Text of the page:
Sweet dreams are made of cheese. At least that’s the case for almost impossibly goofy Oleg Sirota, the star of Ben Garfield’s 9min documentary War & Cheese. A large dose of humour and a pinch of conflicting emotions are mixed together in this tale of high hopes and perseverance, so full of flavour and charm, it’s an experience to savour.
When Oleg Sirota learnt that his beloved motherland Russia was banning the import of all Western cheese, he sold his house and cars, took out a loan and built himself a cheese factory, with the ultimate goal of creating the perfect “Russian Parmesan”. A scrappy entrepreneur, Sirota also exhibits ideas and attitudes that are at odd with most of his audience, and Garfield’s film is an engrossing and honest character study, stripped of directorial flourishes such as music or fast-cut sequences, laying bare Sirota for the audience to judge and laugh along the way.
The idea for War & Cheese was born when Garfield’s friend, and future producer of the short, Audrey Kurganov returned from Moscow with a suitcase full of cheese. After he explained about Russia’s ban on Western cheese, the director thought it’d make an interesting documentary. When he heard about Sirota and his cheese farm, the duo knew they had found their guy. ‘The name of Oleg’s factory – Russian Parmesan – is an oxymoron to me, though to him it makes perfect sense. I wanted to understand this better, and get an insight into his worldview’ – Garfield explains.
The short offers plenty of laughs, but what elevates War & Cheese beyond a fun, quirky short are the conflicting reactions Oleg’s story conjure up in the audience. On the one hand, we are naturally inclined to root for the underdog, for the brave one, who takes a chance in the face of adversity and manages to turn it to their advantage. In this case, it’s the eccentric, but loveable protagonist. On the other, we are faced with an outsider of questionable morals and potentially dangerous nationalist political views, who is directly profiting from the fractured relationship between East and West. Garfield didn’t want to influence the viewers either way, which is why he decided not to have music in the film, a manipulative ahem, I mean persuasive tool, we editors love to use. The result is quite fascinating in that we can’t help but sympathise with Oleg’s adorable gullibility, even after discovering his extreme views.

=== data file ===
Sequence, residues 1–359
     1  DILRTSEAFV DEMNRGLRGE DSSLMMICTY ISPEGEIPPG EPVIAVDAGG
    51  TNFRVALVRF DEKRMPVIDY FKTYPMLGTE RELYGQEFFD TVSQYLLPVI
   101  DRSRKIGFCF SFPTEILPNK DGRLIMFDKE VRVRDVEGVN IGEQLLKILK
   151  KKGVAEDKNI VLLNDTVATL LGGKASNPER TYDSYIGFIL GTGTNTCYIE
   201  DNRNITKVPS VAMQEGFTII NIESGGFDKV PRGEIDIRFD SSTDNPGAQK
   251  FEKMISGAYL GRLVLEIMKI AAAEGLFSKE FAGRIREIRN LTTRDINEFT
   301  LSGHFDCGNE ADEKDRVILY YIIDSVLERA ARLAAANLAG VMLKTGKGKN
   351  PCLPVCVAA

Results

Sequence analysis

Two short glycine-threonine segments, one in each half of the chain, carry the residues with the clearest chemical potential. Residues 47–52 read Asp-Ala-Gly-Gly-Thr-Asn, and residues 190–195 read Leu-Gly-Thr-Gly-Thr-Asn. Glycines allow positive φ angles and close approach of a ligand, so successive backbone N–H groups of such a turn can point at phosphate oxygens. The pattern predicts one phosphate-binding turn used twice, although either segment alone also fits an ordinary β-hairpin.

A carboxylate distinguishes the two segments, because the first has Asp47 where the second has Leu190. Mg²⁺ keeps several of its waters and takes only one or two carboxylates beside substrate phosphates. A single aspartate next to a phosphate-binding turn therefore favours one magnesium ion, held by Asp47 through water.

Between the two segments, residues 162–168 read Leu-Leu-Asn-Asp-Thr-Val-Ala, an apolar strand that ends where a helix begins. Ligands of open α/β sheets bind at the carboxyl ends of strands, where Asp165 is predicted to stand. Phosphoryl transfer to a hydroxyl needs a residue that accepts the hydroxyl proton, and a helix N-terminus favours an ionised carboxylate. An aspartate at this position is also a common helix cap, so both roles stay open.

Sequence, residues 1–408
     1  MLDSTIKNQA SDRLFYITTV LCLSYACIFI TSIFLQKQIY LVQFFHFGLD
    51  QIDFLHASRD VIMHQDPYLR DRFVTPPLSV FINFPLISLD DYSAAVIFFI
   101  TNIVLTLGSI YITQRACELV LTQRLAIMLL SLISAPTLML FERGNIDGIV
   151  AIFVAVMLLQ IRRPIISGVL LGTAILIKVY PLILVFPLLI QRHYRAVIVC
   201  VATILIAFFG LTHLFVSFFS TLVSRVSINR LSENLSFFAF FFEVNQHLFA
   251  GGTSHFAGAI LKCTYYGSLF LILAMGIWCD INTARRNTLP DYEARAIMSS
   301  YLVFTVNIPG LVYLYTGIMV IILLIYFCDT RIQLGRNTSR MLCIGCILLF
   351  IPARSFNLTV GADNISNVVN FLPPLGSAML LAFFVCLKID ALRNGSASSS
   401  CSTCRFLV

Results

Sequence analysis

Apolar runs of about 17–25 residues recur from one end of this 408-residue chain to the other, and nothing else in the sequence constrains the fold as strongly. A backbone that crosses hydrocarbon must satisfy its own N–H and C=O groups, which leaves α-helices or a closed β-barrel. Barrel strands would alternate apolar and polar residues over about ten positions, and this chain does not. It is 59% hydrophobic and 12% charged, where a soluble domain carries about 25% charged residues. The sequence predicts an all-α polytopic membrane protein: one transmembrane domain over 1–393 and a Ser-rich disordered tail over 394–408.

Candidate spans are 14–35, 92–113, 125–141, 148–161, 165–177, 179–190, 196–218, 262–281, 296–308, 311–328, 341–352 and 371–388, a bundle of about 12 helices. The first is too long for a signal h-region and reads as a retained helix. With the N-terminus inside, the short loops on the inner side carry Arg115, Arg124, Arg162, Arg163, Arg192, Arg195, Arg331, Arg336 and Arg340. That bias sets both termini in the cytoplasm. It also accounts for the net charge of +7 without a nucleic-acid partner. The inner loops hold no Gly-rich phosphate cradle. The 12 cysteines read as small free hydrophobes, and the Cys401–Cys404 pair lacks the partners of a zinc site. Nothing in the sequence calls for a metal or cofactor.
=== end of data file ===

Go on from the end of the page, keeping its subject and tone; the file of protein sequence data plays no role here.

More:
War & Cheese has had a very successful festival run. I had the pleasure of seeing it on the big screen and experiencing the incredible effect it had on the audience first hand. Garfield has just finished another short documentary, shot in Cuba earlier this year, called Spelliasmous. It follows three young Harry Potter fans and their obsession with the franchise. I love the sound of this, so I’ll keep you posted!